Vampire Weekend create a modern triumph

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By Jocelyn Cote
Reviews Editor

Today, May 14, indie rock sensations Vampire Weekend release their latest album, Modern Vampires of the City. The New York City natives have become forerunners of the city’s indie scene since their formation in 2006. Both their 2008 self-titled album and 2010 follow-up Contra have achieved both chart and critical success, and Vampires is set to continue that streak.

Style-wise, the album picks up where Contra left off. The band has expanded upon its original straight guitar/bass/drums formula to include more electronic elements such as additional layers of synthesizers and artificial beats that only add to their already unique sound.

Lyrically the album shows a maturation of the band – while previous efforts often dealt with frivolous affairs, Vampires deals with more serious subjects such as death, questioning the world, and even borderline religious undertones.

The album’s opener, “Obvious Bicycle,” begins with an ominous ticking sound as vocalist Ezra Koenig croons, “Oh you outta spare your face the razor / ‘Cause no one’s gonna spare the time for you.” It’s certainly a mellow way to start off a Vampire Weekend album, but sets the scene for how the listener will spend the next 45 minutes.

Standout track “Unbelievers” follows, and steers the album in yet another direction. Here, the band returns to its “classic” sound filled with piano flourishes, fast-paced vocals, and a simple yet catchy synth line. Double-A side singles “Step” and “Diane Young” follow, the latter being especially noteworthy. Upbeat and catchy, “Diane Young” grabs the listener if they haven’t been captured by the album already and makes it hard to resist the classic “baby, baby, baby” refrain.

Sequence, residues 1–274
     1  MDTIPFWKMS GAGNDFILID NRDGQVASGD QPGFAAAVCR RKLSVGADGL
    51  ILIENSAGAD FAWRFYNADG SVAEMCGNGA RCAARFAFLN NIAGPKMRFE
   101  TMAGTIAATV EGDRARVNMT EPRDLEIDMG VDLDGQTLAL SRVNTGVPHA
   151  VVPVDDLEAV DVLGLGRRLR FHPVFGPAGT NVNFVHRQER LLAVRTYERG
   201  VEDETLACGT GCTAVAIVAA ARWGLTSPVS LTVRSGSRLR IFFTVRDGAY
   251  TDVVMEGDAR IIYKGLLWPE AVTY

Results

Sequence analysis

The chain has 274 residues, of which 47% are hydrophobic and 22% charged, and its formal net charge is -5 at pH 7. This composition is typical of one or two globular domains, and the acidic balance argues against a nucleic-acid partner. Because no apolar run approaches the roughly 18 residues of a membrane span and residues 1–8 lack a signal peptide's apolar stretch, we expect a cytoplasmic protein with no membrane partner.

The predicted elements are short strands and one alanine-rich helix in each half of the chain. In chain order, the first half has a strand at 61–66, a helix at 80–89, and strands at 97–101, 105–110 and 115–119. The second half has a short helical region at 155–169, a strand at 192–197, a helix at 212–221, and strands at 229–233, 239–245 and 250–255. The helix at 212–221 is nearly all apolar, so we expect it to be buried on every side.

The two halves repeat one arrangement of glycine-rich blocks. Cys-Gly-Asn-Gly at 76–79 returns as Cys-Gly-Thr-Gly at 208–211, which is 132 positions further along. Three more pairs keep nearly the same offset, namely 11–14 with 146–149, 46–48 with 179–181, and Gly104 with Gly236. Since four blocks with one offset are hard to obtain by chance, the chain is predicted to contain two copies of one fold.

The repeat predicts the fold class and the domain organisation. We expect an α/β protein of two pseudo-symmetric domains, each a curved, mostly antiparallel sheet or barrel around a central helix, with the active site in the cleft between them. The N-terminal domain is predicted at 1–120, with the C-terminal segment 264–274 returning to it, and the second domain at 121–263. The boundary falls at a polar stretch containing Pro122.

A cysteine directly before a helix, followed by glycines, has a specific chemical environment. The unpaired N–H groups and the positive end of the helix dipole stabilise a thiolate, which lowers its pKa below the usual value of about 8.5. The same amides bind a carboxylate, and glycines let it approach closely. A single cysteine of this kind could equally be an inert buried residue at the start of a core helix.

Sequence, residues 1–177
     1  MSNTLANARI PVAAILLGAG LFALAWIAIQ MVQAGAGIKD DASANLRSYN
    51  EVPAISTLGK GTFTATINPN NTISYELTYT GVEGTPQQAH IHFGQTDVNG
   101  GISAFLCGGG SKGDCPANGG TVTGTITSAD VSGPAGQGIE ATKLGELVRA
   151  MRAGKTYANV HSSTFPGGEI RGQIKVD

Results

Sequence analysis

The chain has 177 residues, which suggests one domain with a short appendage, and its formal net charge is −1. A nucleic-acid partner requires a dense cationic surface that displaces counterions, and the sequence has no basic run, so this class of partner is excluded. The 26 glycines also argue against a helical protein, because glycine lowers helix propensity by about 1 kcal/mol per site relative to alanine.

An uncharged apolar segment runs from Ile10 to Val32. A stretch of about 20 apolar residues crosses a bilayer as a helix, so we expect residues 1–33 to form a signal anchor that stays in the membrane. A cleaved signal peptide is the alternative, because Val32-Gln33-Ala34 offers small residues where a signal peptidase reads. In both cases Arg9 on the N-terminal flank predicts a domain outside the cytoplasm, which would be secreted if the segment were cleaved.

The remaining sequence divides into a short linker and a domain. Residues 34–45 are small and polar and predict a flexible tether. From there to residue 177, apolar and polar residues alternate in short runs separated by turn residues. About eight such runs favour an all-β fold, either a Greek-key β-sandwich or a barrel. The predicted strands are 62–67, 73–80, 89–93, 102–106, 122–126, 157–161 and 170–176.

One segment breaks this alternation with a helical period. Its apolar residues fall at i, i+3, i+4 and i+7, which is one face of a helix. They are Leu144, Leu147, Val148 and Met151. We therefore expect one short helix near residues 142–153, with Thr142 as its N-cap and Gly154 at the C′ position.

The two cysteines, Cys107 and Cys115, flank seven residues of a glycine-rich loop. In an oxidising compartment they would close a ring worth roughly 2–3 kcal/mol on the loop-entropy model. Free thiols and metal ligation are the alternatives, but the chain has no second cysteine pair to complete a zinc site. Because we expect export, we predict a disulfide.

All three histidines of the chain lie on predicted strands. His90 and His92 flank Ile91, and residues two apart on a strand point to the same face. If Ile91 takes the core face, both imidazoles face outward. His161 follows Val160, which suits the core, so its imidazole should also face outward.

Vampires features a fairly even amount of slower songs and memorable dance numbers. A couple of highlights include “Hannah Hunt,” which details a cutesy tale of two lovers moving cross-country and the delightfully raucous and jarring “Finger Back.”

Interestingly, the album ends on a much bleaker note than ever before. Penultimate track “Hudson” is brooding and grim, with lyrics that paint a picture of a city in shambles. However, the final track, “Young Lion,” is a glimmer of hope. The single repeated line of “You take your time, young lion” accompanies a simple piano line and bass track, letting the listener know that in the end, all is not lost.

The album’s biggest flaw is its use of exaggerated vocal effects, especially on lead singles “Diane Yong,” “Step,” and “Ya Hey.” In the two former songs, it is still discreet enough to be considered bearable, but by “Ya Hey,” the backing vocals are nearly ‘chipmunked,’ taking away from what is otherwise a strong single.

Aside from this, the album is a true accomplishment and is already a strong contender for one of the top indie albums of 2013. It is extremely well-crafted and thought out, and is filled with catchy earworms and future classics that make the listener want to press the repeat button over and over.